L: “It’s Tony Blair’s fault”.

Me: “The Blairites have caused great damage to the party, and they will do everything they can to oust Corbyn, but are you going to take responsibility for the mistakes done since you took over the leadership? And isn’t the fact that you are still claiming to be ineffectual because of the Blairites a clear sign of failure on your side as well?”

L: “It’s the Blairites’ fault, they are here to get us, no matter what”.

Me: “Was McDonnell’s latest message to Labour members the best response to the Copeland defeat? I mean, what kind of message are you giving to your base by focusing only on the conspiracy of the Blairites and the Murdoch media to get you? Isn’t this just another bit of exaggerated one-way propaganda with no hopeful content about what you are offering, what you are about?”

L: “You said it, it’s a conspiracy, it’s Tony Blair’s fault”.

Me: “Do you think it is wise to pander to rampant right wing nationalism and abandon solidarity with migrants? Doesn’t this betray your socialist internationalist principles? Doesn’t it push you dangerously close to May’s rhetoric and the far right?”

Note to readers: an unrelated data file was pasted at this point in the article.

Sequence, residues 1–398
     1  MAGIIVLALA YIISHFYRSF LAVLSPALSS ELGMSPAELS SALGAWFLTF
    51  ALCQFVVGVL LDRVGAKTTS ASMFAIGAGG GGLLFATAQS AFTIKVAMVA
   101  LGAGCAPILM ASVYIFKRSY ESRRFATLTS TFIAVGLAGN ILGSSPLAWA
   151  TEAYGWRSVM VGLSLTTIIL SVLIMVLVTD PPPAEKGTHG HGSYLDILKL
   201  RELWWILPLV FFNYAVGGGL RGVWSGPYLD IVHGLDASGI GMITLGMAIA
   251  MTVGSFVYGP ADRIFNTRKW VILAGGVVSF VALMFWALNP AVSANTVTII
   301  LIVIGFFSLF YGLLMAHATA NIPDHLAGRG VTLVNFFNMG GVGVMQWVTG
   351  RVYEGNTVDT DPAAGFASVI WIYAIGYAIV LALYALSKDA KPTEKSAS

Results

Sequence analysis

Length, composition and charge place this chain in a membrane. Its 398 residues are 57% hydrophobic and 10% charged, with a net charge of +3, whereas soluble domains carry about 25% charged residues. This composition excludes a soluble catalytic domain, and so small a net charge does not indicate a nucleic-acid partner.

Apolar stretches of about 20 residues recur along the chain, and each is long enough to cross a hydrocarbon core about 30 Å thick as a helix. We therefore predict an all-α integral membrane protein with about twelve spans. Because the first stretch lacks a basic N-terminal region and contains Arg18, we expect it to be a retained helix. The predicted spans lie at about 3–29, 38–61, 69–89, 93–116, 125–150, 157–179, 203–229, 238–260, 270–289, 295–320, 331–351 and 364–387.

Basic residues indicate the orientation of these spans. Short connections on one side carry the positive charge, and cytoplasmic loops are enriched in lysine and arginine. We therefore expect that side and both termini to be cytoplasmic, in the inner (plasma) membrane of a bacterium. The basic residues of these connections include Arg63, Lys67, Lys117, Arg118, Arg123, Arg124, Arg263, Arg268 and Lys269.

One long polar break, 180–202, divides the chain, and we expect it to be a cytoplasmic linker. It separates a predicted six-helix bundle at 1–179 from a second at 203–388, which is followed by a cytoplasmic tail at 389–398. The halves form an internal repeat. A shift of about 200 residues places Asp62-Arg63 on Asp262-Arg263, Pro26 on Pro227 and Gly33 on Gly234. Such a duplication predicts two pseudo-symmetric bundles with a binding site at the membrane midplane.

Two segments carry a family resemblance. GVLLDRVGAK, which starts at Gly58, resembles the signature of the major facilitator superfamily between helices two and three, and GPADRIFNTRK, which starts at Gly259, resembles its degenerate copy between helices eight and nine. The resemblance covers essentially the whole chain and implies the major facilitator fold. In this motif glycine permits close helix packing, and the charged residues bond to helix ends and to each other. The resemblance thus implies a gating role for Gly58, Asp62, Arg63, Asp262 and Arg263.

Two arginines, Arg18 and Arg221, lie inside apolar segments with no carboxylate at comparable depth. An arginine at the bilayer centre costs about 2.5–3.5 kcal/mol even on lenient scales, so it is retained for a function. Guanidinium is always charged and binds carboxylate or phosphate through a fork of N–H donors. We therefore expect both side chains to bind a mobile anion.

L: “These are minor issues, now we have to respect people’s will – they want migrants out, you know – but we will reopen the borders later, we are absolutely committed to open borders. We have the opportunity to bring about a socialist democracy in Britain, it’s just around the corner, we can’t be let down by these sterile debates. We condemn hate and racism against migrants and people of colour, always…

Me: “You mean like David Cameron and Theresa May…”

L: “… and anyway, it’s Tony Blair’s fault”.

Me: “I find it interesting that despite the vitriolic anti-Blairite rhetoric, you are actually finding common ground with the old guard on anti-immigration policies. Tom Watson recently proposed an apartheid-style system of internal controls for migrants, he said it’s currently being debated within Labour.”